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Minneapolis Criminal Defense Law Blog

Drunk driving case: Small crack in windshield not probable cause

The U.S. Constitution provides a number of different protections for those living in the country. Unfortunately, many people may be unaware of the exact protections provided, especially regarding the Fourth Amendment, which prohibits unreasonable searches and seizures. However, a recent ruling by the Minnesota Supreme Court in a drunk driving case helps clarify what actions of police may violate a person's Fourth Amendment rights.

The ruling involved a case from 2016. In that case, a driver was pulled over as a result of a cracked windshield. After the stop, the police officer claims that the man was under the influence of alcohol, not wearing his seat belt and driving on a restricted license. Though a representative for the man argued that the evidence should be thrown out because it was the result of a stop conducted without probable cause, he was convicted.

Conflicting stories in Minnesota assault case

Many people in Minnesota have experienced conflict with others. The responses to the conflict can vary depending on its cause and those involved. Unfortunately, police say that an altercation left one man fighting for his life and another facing assault charges.

The incident is said to have happened on a day in early September, near the Minnesota State Fair. According to reports, a 48-year-old man was discovered beaten at an intersection. He allegedly suffered swelling and bleeding on his brain and required surgery. Unfortunately, he reportedly developed an infection following the surgery that forced him to spend more time in the hospital.

Drunk driving suspected in Minnesota after car strikes police SUV

Driving at night can easily be disorienting. Even when another vehicle is brightly lit, it may be difficult for other drivers to determine the vehicle's exact position, for example. Despite this, police in Minnesota believe that a driver that struck a police sports utility vehicle was drunk driving.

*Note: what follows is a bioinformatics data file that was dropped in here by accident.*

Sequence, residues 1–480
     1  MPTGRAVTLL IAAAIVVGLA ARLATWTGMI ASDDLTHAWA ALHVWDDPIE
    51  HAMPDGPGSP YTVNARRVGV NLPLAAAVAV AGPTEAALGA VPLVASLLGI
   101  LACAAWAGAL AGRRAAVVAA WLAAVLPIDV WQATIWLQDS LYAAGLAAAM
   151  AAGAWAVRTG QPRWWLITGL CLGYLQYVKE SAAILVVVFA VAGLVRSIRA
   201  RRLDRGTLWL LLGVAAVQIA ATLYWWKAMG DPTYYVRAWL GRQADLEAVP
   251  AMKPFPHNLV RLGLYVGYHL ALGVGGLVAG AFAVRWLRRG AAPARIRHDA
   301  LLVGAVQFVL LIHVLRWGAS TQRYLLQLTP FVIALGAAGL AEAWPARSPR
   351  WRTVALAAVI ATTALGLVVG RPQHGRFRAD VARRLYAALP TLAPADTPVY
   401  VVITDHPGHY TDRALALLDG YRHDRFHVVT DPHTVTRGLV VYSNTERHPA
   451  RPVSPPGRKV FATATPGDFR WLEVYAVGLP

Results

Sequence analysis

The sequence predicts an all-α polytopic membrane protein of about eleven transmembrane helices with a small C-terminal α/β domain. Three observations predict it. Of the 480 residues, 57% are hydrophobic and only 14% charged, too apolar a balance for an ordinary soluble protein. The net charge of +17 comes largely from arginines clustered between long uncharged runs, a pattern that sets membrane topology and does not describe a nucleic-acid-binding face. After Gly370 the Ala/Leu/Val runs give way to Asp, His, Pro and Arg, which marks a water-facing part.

The incident happened during the early morning hours of a day in mid-November. According to reports, a disabled vehicle was parked in the left turn lane of a Minnesota highway. A police officer was reportedly stopped behind the disabled vehicle as protection.

How do DWI charges change when a child is in the car

Operating a vehicle while under the influence of alcohol is a serious offense. Even for a first offense, convicted parties will face serious consequences. The least serious case of DWI can still see a person face up to 90 days in jail, between 30 and 90 days without a driver's license and up to $1,000 in various fines. There are numerous aggravating factors that could cause a person to face more serious consequences if convicted. 

One such factor that can greatly increase the penalties is if the intoxicated driver had a child in the car at the time of arrest. Driving under the influence when you are the only one in the car is reckless enough. The state does not look favorably on those who endanger the lives of children.

A driver's license revocation or suspension in Minnesota

For many people in Minnesota, their ability to drive is directly related to their ability to support themselves and their families. Without a driver's license, a person could be unable to go to work or meet a variety of other professional and familial obligations. As such, many who face a driver's license revocation of suspension turn to the experienced law firm of Bauer Law Office for help.